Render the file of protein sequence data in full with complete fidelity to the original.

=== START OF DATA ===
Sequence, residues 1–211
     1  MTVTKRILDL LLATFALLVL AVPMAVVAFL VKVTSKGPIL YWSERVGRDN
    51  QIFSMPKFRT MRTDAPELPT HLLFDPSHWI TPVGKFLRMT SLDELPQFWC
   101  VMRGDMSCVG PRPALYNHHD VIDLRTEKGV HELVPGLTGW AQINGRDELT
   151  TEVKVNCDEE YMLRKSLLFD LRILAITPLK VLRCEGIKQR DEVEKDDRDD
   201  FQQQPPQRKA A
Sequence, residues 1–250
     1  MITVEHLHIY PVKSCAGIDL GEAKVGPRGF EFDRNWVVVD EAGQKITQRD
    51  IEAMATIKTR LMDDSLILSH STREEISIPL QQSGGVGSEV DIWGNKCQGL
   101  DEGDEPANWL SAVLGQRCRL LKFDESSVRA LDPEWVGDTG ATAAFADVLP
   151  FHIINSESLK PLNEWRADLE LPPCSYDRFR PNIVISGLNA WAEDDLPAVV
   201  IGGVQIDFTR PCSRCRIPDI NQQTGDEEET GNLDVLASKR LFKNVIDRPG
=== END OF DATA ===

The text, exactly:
Sequence, residues 1–211
     1  MTVTKRILDL LLATFALLVL AVPMAVVAFL VKVTSKGPIL YWSERVGRDN
    51  QIFSMPKFRT MRTDAPELPT HLLFDPSHWI TPVGKFLRMT SLDELPQFWC
   101  VMRGDMSCVG PRPALYNHHD VIDLRTEKGV HELVPGLTGW AQINGRDELT
   151  TEVKVNCDEE YMLRKSLLFD LRILAITPLK VLRCEGIKQR DEVEKDDRDD
   201  FQQQPPQRKA A
Sequence, residues 1–250
     1  MITVEHLHIY PVKSCAGIDL GEAKVGPRGF EFDRNWVVVD EAGQKITQRD
    51  IEAMATIKTR LMDDSLILSH STREEISIPL QQSGGVGSEV DIWGNKCQGL
   101  DEGDEPANWL SAVLGQRCRL LKFDESSVRA LDPEWVGDTG ATAAFADVLP
   151  FHIINSESLK PLNEWRADLE LPPCSYDRFR PNIVISGLNA WAEDDLPAVV
   201  IGGVQIDFTR PCSRCRIPDI NQQTGDEEET GNLDVLASKR LFKNVIDRPG